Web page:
As one of the leading experts on the biology of love and attraction, psychologist and anthropologist Helen Fisher had an audience at the Monsanto Auditorium enthralled while she shared findings from her love-based research Friday night.
Fisher was a part of the Life Sciences & Society symposium, The Science of Love, in which presentations and speakers were featured to share research about the biology and chemistry behind love and attraction with MU.
Walter Gassmann, interim director of the Bond Life Sciences Center, said this weekend-long symposium is meant to connect with the public and explain why this research is important and applies to everyone. Gassmann said that everyone feels love and Fisher explained that further during her speech. Everyone is affected by love, she said.
Fisher worked with match.com in 2005 when she was hired to create chemistry.com, which combined hormone and personality-based matching systems.
She said she went into the field of pairing people up and sharing her knowledge because she wanted her work to be useful. While she was originally studying to be a social worker, she decided her goal with her work was to help people in large numbers, as opposed to a “one at a time” approach.
Fisher began her speech by explaining that nearly all humans fall in love. This dates back to Neanderthals and the first people to walk the Earth.
“[Love is] one of the most powerful brain systems the human animal has evolved,” she said.
And these feelings are not specific to any age, sex or gender, she said. The earliest person Fisher met that was in love was a 2-year-old boy who was infatuated with a girl in his class.
Romantic love is linked to a sense of attachment that is triggered through the chemicals oxytocin and vasopressin in the brain. This feeling can also be connected to sex drive. Most “one-night stands” are not as meaningless as they are intended to be, she said.
One of Fisher’s main research points was whether or not technology has changed how people love. The answer is no, she said. If anything, online dating and dating websites play a significant role in modern love.
“Whether you swipe right or left on Tinder is not going to change feelings of intense, romantic love,” she said. “It’s a basic brain system.”
The feeling of love is similar to thirst and hunger, she said, and presents itself almost as a natural survival instinct.
“If we survive another million years as species, we will continue to fall in love,” she said.
While dating sites like match.com have not changed how humans love, they have changed how humans date. There are new rules and taboos, as well as new forms of communication in the form of emojis and texting, for example.
But Fisher doesn’t see dating sites as sites that facilitate dating, really. They’re more like introducing sites, she said. People need the real-life connection to fully understand who this other person is. A matching system, even the best one in the world, isn’t always right.
“The only true algorithm is your own brain,” Fisher said.
She has also noticed a major shift in humans regarding fidelity. It used to be that marriage was the beginning of a relationship, she said, and now it’s the “finale.”
She mostly sees this among young couples, who will often have sex and live together casually before tying the knot. At first, Fisher saw this as “reckless,” but she found data that supported the notion that almost 70 percent of young couples are terrified of divorce and its implications.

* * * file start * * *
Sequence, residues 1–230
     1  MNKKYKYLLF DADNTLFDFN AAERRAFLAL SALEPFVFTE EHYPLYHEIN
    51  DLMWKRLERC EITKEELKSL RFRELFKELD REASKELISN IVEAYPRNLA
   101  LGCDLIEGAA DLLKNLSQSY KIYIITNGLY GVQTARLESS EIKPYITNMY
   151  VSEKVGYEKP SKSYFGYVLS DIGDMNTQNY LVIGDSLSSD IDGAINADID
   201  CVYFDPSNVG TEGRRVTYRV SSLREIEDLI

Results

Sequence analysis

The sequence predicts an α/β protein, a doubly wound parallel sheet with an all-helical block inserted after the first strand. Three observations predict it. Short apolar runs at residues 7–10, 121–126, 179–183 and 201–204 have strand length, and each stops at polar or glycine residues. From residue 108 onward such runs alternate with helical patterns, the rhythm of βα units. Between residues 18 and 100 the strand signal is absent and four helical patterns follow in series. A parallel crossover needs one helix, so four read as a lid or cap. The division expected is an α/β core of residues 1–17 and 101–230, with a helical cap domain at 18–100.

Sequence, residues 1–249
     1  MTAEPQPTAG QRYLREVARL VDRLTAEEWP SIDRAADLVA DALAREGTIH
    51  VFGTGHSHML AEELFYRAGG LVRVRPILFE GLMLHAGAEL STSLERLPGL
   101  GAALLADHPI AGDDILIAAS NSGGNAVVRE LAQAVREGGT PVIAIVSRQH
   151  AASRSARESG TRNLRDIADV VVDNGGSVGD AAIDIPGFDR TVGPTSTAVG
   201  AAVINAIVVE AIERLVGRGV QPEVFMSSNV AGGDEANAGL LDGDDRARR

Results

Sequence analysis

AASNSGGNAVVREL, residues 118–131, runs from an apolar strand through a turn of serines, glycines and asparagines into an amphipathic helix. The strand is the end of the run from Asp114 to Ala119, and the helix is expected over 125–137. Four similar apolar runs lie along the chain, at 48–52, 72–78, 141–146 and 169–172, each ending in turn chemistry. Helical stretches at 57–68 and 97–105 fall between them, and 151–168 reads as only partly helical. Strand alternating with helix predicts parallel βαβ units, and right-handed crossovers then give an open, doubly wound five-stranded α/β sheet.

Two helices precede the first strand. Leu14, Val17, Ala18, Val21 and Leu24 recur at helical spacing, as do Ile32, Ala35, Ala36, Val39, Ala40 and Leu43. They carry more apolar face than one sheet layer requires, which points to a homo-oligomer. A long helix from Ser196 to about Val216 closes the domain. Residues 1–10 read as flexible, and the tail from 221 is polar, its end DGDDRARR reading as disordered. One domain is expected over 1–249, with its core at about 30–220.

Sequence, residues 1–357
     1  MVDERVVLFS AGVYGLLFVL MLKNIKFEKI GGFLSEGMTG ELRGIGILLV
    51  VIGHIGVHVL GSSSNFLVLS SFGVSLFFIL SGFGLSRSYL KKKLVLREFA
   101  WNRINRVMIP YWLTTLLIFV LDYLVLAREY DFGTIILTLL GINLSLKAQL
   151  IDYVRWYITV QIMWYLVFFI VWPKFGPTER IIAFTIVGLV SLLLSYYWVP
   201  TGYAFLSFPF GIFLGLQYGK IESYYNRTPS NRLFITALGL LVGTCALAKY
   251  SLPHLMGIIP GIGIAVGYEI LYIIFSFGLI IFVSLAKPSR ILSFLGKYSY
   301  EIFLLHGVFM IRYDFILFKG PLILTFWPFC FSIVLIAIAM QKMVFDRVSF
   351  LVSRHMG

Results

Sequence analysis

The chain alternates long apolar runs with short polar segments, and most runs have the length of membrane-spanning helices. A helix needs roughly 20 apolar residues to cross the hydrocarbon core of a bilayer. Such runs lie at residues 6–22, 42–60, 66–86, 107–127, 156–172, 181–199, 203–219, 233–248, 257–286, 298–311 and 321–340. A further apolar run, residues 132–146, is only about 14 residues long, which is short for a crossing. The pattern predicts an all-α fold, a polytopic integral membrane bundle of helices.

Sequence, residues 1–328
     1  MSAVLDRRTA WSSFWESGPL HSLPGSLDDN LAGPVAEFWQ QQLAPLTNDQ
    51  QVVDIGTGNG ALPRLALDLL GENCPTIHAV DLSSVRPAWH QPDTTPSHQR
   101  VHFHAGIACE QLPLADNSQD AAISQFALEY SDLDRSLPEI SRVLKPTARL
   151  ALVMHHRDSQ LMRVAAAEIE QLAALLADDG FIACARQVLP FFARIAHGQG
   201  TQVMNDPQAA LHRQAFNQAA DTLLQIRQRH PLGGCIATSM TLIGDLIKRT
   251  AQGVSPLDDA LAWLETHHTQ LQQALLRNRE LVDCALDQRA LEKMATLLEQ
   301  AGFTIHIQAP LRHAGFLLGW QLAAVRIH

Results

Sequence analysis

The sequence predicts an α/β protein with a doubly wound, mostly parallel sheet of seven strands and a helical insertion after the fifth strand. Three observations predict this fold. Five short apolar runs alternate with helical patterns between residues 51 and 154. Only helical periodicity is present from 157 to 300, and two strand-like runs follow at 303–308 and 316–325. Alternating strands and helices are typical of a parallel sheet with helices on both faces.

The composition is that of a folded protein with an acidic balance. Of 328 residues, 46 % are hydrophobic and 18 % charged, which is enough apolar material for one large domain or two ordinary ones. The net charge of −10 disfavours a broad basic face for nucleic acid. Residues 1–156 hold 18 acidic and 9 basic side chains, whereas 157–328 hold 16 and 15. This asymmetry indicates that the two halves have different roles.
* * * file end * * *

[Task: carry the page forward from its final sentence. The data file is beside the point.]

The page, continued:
Fisher said she now understands these people aren’t reckless, but cautious. They need to be completely sure of their relationship before making it permanent and will therefore extend the pre-commitment stage.
Even still, most adults marry. By age 49, 83 percent of men and 89 percent women are married, according to Fisher’s research. Fisher surveyed adults who were recently in love and claimed to be in love long term, as well as people who felt rejected by love.
“Love will win,” she said. “Most adult Americans will get married and that desire for romantic love will catch up with them.”
Along with this, many long-term married couples still feel the same as they did when they first married their spouse.
According to Fisher’s study, 75 percent of these couples are “still very much in love” and 81 percent said they would remarry their spouse.
While much of Fisher’s data stems from the U.S., she said she’s observed similar findings in China.
“Everywhere in the world, people love,” she said.
Fisher also explained the different brain chemicals that can build up a person and the way they love.
Each person has different levels of dopamine, serotonin, testosterone and estrogen and will express higher levels in one or two of these. In addition, people also attract different mates depending on how their chemical levels vary.
For example, a person with high dopamine levels, meaning they tend to be more spontaneous and free thinking, will be attracted to another person with equally high dopamine levels.
Fisher finished her speech by explaining that she doesn’t think relationships should adhere to the golden rule, in which one treats others the way they want to be treated. Instead, she explained, people should treat their romantic partners how their partner wants to be treated.
Also, she said people should take into consideration what their romantic partners bring to the table as well as what they do not.
“[A relationship is] not just what you are,” Fisher said. “It’s also what you’re not.”
Edited by Olivia Garrett | firstname.lastname@example.org